A fun (and insightful) article was published in the New York Times today:
A Passion for (and Against) Sarkozy By Steven Erlanger.
According to the psychiatrist Serge Hefez, the French are suffering from his newly diagnosed mental disorder, “obsessive Sarkosis”, following the 2007 election of their break-the-mold President Nicolas Sarkozy.
Sarkozy has always been a very colorful politician and provoked a “you either love him or hate him” reaction among the French. He is particularly known for being everywhere at once on the political scene, involving himself in all world and national political issues, sometimes at the expense of other politicians who are supposed to be in charge of those issues.
But it is particularly in the year after his election that he became known as the “Bling-bling” President, leading a lifestyle more like a Hollywood star than a traditionally dignified French national leader. Starting with vacations in glamourous locals on yachts and private jets of his millionaire friends, he would divorce his ex-fashion model second wife Cécilia (the rumors on the street are that it apparently was not his choice) and a few months later get remarried with another fashion model, Carla Bruni, who is also a singer-songwriter and Italian heiress (although she has lived in France from the age of 6).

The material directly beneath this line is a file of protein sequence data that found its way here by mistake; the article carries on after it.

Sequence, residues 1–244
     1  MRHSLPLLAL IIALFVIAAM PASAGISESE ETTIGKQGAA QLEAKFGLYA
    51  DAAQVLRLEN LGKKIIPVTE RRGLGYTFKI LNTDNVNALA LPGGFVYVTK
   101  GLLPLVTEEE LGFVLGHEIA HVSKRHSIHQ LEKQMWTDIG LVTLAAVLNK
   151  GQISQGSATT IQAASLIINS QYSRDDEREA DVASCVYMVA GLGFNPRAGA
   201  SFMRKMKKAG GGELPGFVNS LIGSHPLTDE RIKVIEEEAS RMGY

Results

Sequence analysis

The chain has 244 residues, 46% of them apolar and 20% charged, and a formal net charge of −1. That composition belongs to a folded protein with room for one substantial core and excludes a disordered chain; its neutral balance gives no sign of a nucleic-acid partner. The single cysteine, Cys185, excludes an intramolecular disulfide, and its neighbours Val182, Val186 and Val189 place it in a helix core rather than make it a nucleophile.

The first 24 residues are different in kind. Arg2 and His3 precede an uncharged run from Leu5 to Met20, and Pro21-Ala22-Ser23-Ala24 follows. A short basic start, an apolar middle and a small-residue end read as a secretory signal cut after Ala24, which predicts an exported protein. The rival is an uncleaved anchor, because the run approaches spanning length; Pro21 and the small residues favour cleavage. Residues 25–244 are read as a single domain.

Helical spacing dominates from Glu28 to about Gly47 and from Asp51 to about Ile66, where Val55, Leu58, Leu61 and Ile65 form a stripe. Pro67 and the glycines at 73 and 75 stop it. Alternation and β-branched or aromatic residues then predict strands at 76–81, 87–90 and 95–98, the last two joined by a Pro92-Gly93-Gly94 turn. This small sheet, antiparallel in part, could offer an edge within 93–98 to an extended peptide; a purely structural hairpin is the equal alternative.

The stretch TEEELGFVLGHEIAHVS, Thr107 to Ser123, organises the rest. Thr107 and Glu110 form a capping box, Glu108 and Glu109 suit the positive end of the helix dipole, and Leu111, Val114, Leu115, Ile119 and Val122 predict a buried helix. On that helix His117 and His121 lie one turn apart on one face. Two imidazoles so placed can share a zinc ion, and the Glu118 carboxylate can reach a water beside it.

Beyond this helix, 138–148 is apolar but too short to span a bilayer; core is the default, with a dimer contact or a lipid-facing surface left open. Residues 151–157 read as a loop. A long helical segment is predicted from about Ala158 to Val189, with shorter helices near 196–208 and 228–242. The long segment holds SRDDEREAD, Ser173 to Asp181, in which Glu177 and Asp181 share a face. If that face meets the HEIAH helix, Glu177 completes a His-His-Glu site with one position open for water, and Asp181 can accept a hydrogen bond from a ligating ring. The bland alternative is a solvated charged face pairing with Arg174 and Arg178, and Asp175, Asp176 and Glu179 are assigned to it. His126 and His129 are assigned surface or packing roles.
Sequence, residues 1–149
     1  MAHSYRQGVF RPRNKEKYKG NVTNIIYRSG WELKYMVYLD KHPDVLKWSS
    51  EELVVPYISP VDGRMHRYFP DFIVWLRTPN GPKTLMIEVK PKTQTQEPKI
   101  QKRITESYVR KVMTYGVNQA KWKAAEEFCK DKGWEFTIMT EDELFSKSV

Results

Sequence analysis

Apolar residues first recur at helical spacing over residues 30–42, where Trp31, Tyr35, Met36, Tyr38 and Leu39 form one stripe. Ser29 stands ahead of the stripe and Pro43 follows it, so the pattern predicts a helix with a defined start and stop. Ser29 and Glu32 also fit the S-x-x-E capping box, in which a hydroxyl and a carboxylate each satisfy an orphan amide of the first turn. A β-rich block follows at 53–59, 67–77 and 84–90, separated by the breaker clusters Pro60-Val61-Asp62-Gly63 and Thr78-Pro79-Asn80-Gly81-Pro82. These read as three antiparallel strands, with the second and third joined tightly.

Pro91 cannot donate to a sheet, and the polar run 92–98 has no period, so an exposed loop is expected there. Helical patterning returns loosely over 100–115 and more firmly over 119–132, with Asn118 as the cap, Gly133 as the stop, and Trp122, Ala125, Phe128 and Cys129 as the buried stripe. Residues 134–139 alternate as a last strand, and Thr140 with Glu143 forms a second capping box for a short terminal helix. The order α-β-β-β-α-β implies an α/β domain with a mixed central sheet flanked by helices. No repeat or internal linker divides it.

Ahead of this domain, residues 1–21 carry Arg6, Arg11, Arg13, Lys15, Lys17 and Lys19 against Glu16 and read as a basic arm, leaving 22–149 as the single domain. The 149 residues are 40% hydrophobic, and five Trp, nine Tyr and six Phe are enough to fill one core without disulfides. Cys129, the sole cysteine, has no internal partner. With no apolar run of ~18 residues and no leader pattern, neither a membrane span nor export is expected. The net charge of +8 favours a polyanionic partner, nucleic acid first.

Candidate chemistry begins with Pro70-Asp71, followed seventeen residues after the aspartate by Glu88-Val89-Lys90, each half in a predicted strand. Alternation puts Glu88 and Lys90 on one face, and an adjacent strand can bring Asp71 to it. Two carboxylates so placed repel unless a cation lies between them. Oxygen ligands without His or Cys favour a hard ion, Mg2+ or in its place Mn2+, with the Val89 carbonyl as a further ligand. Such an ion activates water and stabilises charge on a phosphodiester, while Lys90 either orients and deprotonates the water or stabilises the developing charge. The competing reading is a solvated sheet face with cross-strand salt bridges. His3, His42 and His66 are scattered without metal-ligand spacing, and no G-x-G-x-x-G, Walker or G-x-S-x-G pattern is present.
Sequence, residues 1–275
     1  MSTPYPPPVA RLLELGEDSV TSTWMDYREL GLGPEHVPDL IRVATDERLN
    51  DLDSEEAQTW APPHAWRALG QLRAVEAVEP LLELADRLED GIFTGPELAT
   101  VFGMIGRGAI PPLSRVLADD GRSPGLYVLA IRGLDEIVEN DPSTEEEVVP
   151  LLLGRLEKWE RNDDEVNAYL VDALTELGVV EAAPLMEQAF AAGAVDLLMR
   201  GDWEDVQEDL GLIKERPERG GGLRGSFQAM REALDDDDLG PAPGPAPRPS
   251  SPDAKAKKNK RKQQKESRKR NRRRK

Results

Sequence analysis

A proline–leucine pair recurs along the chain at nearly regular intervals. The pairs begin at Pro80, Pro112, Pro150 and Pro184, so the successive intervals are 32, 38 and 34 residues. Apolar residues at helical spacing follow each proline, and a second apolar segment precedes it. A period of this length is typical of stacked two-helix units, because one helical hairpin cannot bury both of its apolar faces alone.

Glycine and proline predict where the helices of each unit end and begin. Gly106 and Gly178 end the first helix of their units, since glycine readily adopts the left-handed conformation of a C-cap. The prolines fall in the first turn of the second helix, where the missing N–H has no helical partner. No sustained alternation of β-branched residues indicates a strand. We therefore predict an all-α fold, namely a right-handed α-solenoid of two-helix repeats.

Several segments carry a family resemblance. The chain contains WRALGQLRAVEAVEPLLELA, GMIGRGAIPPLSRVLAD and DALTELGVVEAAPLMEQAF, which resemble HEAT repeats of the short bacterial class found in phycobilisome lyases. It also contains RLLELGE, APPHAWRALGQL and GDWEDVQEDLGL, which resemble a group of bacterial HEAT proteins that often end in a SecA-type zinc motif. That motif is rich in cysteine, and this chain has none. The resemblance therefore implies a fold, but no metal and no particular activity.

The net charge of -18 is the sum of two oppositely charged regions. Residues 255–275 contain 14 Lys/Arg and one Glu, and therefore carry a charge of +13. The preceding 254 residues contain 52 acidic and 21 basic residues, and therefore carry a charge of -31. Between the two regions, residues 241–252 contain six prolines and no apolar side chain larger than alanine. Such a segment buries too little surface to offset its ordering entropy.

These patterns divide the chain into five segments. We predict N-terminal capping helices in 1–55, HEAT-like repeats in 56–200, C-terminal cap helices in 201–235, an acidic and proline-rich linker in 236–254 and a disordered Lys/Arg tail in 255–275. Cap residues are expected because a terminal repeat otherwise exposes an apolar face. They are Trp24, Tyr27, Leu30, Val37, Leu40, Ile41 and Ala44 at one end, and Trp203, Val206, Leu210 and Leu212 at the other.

And yes, the New York Times article is correct: the French are obsessed, looking upon their President with the same sort of fascination normally reserved for the latest Californian revelation, trying to figure out if they’ve elected a new-school leader full of promise or a train-wreck in the making.
Sarkozy has recently tuned down the “pipol” (‘people’ In phonetic French) lifestyle on the advice of his political entourage, who feel that it was in part responsible for a serious dive in his approval ratings at the approach of his first year in office. We’ll see what the future brings. If I could have voted, my ballot would have gone to Sarkozy, even though I consider myself more center-left than center-right. Despite his flamboyance I continue to think that he may be the man who can get France out of decades of economic gridlock. Time will tell if he’s a brilliant politician or not; in the meantime he’s at least a really good topic of conversation.